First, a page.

# The Mathematical Principles of Natural Philosophy (1729)/Book 1/Section 9

*Of the motion of bodies in moveable orbits; and of the motion of the apsides.*

Proposition XLIII. Problem XXX.

*It is required to make a body move, in*
a trajectory that revolves about the centre
of force, in the same manner
as another body in the same trajectory
at rest.

In the orbit *VPK* (Pl. 18. *Fig.* 1.) given by
position, let the body P revolve, proceeding from
*V* towards *K*. From the centre *C *let there be
continually drawn *Cp*, equal to *CP*, making the
angle *VCp* proportional to the angle *VCP*; and
the area which the line *Cp* describes, will be to
the area *VCP* which the line *CP* describes at the
same time, as the velocity of the describing line *Cp*, to the velocity of the describing line *CP*; that
is, as the angle *VCp* to the angle *VCP*, therefore
in a given ratio, and therefore proportional
to the time. Since then the area described by
the line *Cp* in an immovable plane is proportional
to the time, it is manifest that a body, being
acted upon by a just quantity of centripetal
force, may revolve with the point *p* in the
curve line which the same point *p*, by the method
just now explained, may be made to describe
in an immovable plane. Make the angle
*VCu* equal to the angle *PCp*, and the line *Cu*
equal to *CV* and the figure *uCp* equal to the
figure *VCP*, and the body being always in the
point *p*, will move in the perimeter of the revolving
figure *uCp*, and will describe its (revolving)
arc *up* in the same time that the other
body P describes the similar and equal arc *VP*
in the quiescent figure *VPK*. Find then by cor.
5. prop. 6. the centripetal force by which a body
may be made to revolve in the curve line
which the point *p* describes in an immovable
plane, and the problem will be solved. *Q. E. F.*

Proposition XLIV. Theroem XIV.

*The difference of the forces, by which two bodies may be made to move equally, one in a quiescent, the other in the same orbit revolving, is in a triplicate ratio of their common altitudes*
inversely.

Let the parts of the quiescent orbit *VP*, *PK*,
(Pl. 18. *Fig.* 2.) be similar and equal to the parts of the revolving orbit *up*, *pk*; and let the
distance of the points *P* and *K* be supposed of the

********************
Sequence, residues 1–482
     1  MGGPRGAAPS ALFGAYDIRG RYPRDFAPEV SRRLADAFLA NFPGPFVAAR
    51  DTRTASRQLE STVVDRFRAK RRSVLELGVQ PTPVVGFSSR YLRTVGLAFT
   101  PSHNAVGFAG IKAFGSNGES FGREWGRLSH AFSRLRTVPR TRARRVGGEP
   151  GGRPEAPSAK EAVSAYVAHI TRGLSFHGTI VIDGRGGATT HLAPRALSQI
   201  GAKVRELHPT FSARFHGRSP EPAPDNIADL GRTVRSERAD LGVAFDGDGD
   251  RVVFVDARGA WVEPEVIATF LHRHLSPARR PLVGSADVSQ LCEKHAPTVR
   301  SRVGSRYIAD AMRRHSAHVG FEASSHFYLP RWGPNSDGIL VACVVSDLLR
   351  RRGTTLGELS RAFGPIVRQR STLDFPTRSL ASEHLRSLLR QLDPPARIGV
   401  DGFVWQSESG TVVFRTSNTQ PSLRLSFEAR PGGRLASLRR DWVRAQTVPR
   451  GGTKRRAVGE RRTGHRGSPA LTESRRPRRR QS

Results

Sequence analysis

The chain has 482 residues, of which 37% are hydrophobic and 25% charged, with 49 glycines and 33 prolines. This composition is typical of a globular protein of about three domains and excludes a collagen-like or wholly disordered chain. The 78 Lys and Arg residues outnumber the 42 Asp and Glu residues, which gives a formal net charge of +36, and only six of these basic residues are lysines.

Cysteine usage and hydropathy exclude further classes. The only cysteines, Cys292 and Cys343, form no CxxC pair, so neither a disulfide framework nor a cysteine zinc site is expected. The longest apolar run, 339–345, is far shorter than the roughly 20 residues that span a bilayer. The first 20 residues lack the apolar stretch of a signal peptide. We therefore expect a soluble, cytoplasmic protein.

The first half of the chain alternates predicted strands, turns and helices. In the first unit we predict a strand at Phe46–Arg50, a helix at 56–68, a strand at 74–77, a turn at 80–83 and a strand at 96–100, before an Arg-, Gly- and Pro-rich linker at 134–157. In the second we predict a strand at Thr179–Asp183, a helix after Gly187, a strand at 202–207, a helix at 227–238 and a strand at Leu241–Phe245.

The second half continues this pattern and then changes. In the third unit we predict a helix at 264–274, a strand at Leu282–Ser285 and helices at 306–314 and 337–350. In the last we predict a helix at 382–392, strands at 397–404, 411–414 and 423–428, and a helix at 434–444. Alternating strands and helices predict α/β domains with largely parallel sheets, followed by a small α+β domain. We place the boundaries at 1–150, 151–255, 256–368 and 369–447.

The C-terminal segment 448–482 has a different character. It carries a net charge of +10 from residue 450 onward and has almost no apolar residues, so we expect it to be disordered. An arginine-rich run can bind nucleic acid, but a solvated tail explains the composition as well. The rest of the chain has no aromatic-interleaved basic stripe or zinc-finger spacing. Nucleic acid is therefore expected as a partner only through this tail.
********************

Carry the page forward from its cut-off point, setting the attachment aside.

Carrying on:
utmost smallness. Let fall a perpendicular *kr* from
the point *k* to the right line *pC*, and produce it
to *m*, so that *mr* may be to *kr* as the angle *VCp*
to the angle *VCP*. Because the altitudes of the
bodies, *PC* and *pC*, *KC* and *kC*, are always equal,
it is manifest: that the increments or decrements of
the lines *PC* and *pC* are always equal; and therefore
if each of the several motions of the bodies
in the places *P* and *p* be resolved into two, (by
cor. 2. of the laws of motion) one of which is
directed towards the center, or according to the
lines *PC*, *pC*, and the other, transverse to the former,
hath a direction perpendicular to the lines
*PC* and *pC*; the motions towards the centre will
be equal, and the transverse motion of the body
*p* will be to the transverse motion of the body *P*,
as the angular motion of the line *pC* to the angular
motion of the line *PC*; that is, as the angle
*VCp* to the angle *VCP*. Therefore at the same
time that the body *P*, by both its motions, comes
to the point *K*, the body *p*, having an equal motion
towards the centre, will be equally moved
from *p* towards *C*, and therefore that time being
expired, it will be found somewhere in the line
*mkr*, which, passing through the point *k*, is perpendicular
to the line *pC*; and by its transverse
motion, will acquire a distance from the line *pC*,
that will be to the distance which the other body
*P* acquires from the line *PC*, as the transverse
motion of the body *p*, to the transverse motion
of the other body *P*. Therefore since *kr* is equal
to the distance which the body *P* acquires
from the line *PC*, and *mr* is to *kr* as the angle *VCp* to the angle *VCP*, that is as the tranvers
motion of the body *p*, to the transverse motion
of the body *P*: it is manifest that the body *p*,
at the expiration of that time, will be found in the
place *m*. These things will be so, if the bodies *p*
and *P* are equally moved in the directions of the
lines *pC* and *PC*, and are therefore urged with
equal forces in those directions. But if we take
an angle *pCn* that is to the angle *pCk; as the angle*
*VCp* to the angle *VCP*, and *nC* be equal
to *kC* in that case the body *p* at the expiration
of the time will really be in *n*; and is therefore
urged with a greater force than the body *P*, if
the angle *nCp* is greater than the angle *kCp*, that
is, if the orbit *upk* move either *in consequantia, or*
in *antecedentia* with a celerity greater than the
double of that with which the line *CP* moves in
consequentia; and with a less force if the orbit moves
flower in *antecedentia*. And the difference of the
forces will be as the interval *mn* of the places
through which the body would be carried by the
action of that difference in that given space of time.
About the centre *C* with the interval *Cn* or *Ck*
suppose a circle described cutting the lines *mr*, *mn*
produced in *s* and *r*, and the rectangle *mn* x *mt*
will be equal to the rectangle *mk* x *ms*, and therefore
*mn* will be equal to . But since the
triangles *pCk*, *pCn*, in a given time, are of a
given magnitude, *kr* and *mr*, and their difference
*mk*, and their sum *mr*, are reciprocally as the altitude
*pC*, and therefore the rectangle '*mk* x *rm* is
reciprocally as the square of the altitude *pC*. But
moreover *mr* is directly as *ms*, that is, as the altitude *pC*. These are the first ratio's of the nascent
lines; and hence , that is, the nascent lineola
*mn*, and the difference of the forces proportional
thereto, are reciprocally as the cube of the
altitude *pC*. *Q. E. D.*

Cor. 1. Hence the difference of the forces in
the places *P* and *p*, or *K* and *k*, is to the force
with which a body may revolve with a circular